world renown

University of Houston professor receives international energy award for pioneering work in electric vehicles

Kaushik “Raja” Rajashekara developed the technology that led to the first commercially produced electric vehicle. Photo via UH.edu

A University of Houston engineering professor who’s a pioneer in the realm of electric vehicles has received the most coveted prize in the field of international energy.

Kaushik “Raja” Rajashekara, distinguished professor of engineering at UH, has been awarded the Global Energy Prize from the Global Energy Association. It’s the energy sector’s equivalent of the Nobel Prize for science or the Oscar for films.

Rajashekara, who joined UH in 2016, is just one of three “laureates” selected this year among 119 nominees from 43 countries. The Global Energy Association announced the winners July 12.

Rajashekara is the former lead propulsion system engineer for General Motors’ IMPACT electric vehicle. But he’s perhaps better known as the developer of technology that led to the first commercially produced electric vehicle, the GM EV1, in 1995. He continued working on electric and hybrid cars at GM until 2006, when he joined Rolls Royce to work on electric and hybrid aircraft.

“Professor Rajashekara does not see limits, only possibilities. Electric vehicles are changing the way the world moves, and he has played a vital role in the exploration and improvement of this innovation,” Renu Khator, president of UH, says in a news release.

Rajashekara won the prize for outstanding contributions to transportation electrification and energy efficiency technology while reducing power-generation emissions. He holds 36 U.S. patents and 15 foreign patents.

Rajashekara will pick up his award in October during Russian Energy Week in Moscow.

“This award definitely shows the importance of energy efficiency improvement and reducing emissions, particularly in the area of transportation, which is responsible for a significant portion of global emissions,” he says.

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Building Houston

 
 

Through a partnership with New Hampshire investors, Softeq has expanded its venture studio out of state. Image via hrknsscowork.com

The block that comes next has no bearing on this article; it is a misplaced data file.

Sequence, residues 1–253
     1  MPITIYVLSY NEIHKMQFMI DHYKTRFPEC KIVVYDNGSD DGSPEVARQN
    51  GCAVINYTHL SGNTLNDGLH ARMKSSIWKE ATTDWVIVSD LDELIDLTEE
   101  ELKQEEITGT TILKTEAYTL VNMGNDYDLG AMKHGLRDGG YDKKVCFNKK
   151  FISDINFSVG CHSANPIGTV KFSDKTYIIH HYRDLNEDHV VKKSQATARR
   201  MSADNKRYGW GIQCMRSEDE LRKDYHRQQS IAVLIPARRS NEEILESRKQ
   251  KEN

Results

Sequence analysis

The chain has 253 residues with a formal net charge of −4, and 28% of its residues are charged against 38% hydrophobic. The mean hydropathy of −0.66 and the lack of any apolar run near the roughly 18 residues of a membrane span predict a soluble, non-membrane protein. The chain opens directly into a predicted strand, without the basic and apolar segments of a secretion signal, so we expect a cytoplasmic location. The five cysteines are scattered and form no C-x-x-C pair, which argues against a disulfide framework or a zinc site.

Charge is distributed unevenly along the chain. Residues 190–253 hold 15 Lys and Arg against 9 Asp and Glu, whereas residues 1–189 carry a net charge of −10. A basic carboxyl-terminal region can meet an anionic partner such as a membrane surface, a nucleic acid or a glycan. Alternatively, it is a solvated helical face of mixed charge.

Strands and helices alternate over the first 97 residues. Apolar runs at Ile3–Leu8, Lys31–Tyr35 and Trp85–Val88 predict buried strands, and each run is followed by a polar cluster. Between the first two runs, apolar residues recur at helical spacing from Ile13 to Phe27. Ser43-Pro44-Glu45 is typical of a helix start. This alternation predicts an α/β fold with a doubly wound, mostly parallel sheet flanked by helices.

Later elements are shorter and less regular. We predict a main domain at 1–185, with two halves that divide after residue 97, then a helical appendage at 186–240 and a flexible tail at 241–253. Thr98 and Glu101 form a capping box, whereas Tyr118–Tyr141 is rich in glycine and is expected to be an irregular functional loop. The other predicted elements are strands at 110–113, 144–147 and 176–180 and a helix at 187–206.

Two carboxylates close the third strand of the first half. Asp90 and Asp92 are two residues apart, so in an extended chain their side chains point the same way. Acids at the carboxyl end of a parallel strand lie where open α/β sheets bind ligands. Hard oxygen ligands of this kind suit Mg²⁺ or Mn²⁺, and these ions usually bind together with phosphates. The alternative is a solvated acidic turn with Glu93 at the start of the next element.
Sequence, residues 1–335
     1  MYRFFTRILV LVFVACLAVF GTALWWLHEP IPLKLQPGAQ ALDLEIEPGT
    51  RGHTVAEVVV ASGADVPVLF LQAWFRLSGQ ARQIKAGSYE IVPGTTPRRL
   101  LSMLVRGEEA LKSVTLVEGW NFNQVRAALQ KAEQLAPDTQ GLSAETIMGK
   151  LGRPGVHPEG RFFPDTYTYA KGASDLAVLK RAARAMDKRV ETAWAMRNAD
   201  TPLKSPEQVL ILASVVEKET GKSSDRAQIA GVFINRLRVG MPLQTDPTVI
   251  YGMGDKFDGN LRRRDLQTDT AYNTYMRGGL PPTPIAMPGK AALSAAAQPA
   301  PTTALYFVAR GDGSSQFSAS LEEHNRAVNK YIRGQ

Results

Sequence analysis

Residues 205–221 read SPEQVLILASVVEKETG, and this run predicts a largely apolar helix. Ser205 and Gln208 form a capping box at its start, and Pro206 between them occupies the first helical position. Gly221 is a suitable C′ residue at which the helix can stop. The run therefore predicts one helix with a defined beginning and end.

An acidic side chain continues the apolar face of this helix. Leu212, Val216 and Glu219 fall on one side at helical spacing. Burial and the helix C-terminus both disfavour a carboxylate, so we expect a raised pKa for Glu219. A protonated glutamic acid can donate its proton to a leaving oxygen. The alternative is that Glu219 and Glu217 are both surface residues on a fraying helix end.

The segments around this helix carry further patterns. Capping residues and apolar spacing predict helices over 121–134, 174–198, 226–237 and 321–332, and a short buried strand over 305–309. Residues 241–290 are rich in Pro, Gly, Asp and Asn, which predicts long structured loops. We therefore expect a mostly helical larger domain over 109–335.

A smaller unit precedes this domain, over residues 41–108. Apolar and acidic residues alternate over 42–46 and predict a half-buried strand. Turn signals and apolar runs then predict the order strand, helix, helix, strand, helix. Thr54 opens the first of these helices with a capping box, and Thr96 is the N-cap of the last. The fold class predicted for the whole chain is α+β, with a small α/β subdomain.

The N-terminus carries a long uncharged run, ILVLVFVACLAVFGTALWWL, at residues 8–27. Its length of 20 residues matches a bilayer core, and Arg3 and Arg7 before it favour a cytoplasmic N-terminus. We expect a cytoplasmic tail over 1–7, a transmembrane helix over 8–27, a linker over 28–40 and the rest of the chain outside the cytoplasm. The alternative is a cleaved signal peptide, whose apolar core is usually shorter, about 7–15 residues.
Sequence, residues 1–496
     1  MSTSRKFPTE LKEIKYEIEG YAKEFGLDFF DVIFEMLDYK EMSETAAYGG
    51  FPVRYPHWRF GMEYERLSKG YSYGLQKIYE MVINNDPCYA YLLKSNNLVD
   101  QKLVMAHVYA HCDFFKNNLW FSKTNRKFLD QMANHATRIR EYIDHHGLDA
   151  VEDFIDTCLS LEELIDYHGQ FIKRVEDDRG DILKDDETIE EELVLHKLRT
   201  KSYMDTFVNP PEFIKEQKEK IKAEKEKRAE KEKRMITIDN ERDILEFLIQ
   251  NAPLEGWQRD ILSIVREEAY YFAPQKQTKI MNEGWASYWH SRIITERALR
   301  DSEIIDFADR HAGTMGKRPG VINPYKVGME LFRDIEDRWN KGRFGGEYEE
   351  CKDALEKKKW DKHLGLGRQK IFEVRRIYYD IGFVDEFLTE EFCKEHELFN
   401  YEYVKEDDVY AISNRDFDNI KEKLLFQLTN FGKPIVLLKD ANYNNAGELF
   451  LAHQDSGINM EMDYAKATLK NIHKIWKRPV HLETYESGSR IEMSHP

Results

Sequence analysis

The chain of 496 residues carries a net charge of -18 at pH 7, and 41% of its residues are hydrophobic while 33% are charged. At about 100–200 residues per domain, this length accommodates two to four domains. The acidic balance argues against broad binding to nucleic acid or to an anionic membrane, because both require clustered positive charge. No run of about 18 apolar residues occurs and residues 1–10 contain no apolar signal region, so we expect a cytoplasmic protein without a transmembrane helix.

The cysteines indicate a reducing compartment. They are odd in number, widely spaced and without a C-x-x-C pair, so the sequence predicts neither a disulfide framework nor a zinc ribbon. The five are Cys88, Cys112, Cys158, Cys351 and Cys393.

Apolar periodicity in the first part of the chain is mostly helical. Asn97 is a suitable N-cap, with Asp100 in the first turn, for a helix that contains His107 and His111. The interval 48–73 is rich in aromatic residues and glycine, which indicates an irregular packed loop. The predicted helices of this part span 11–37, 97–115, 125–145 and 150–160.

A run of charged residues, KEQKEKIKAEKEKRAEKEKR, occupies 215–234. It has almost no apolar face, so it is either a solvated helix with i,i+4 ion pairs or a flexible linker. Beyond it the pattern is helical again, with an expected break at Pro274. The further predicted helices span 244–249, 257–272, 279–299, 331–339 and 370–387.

A Houston tech services company has announced fresh funding and a new location for its venture studio focused on growing startups.

Softeq Development Corp. announced an additional commitment of $5 million to the Softeq Venture Fund. With the investment, Softeq has a new partnership that will work toward creating a satellite venture studio in New Hampshire with local investors. Launch New Hampshire will leverage the Softeq Venture Studio platform to back qualified startups from within and outside New Hampshire, according to a news release from Softeq.

“It’s a great time to invest in startup companies, and we saw an opportunity to bridge the gap between the growing innovation community here in Houston and the untapped investment community in New Hampshire,” says Christopher A. Howard, founder and CEO of Softeq, in the release. “We’re excited about this partnership because it provides the Softeq Venture Studio with a source of high-quality startups while also fostering the innovation ecosystem in New Hampshire and New England.”

The Softeq Venture Studio announced its inaugural cohort last year, launching to act as an investor and accelerator program that provides mentors, resources, and workspaces for promising tech startups. This is the first expansion of the program and the latest investment into the Softeq Venture Fund, which has raised over $25 million of its $40 million goal.

Michael and Jamie Simchik, New Hampshire real estate developers, and Terry Anderton, an experienced technology entrepreneur, are the founders of Launch NH. The satellite cohort will work out of HRKNSScowork in Concord, New Hampshire.

“New Hampshire has been slow to adopt an innovation ecosystem, but with nearby Boston enjoying continued startup successes, we have the unique opportunity to leverage what is happening in Massachusetts, as well as in Vermont and Maine,” says Simchik, founder and CEO of HRKNSScowork. “By working with Softeq, we want to help build the innovation community statewide and drive broad-based startup activity in the region, similar to what Softeq has accomplished in its Houston headquarters.”

Anderton founded Wagz, which was recently acquired, an early participant in the Softeq accelerator program. Through his experience with Softeq, the company says he wanted to help bring the program other startups in the region.

The Softeq Venture Studio has made investments into 27 startups from across the globe since it launched in 2021. Over the next three years, per the release, Softeq intends to invest in 40 companies each year, including at least 12 via Launch NH.

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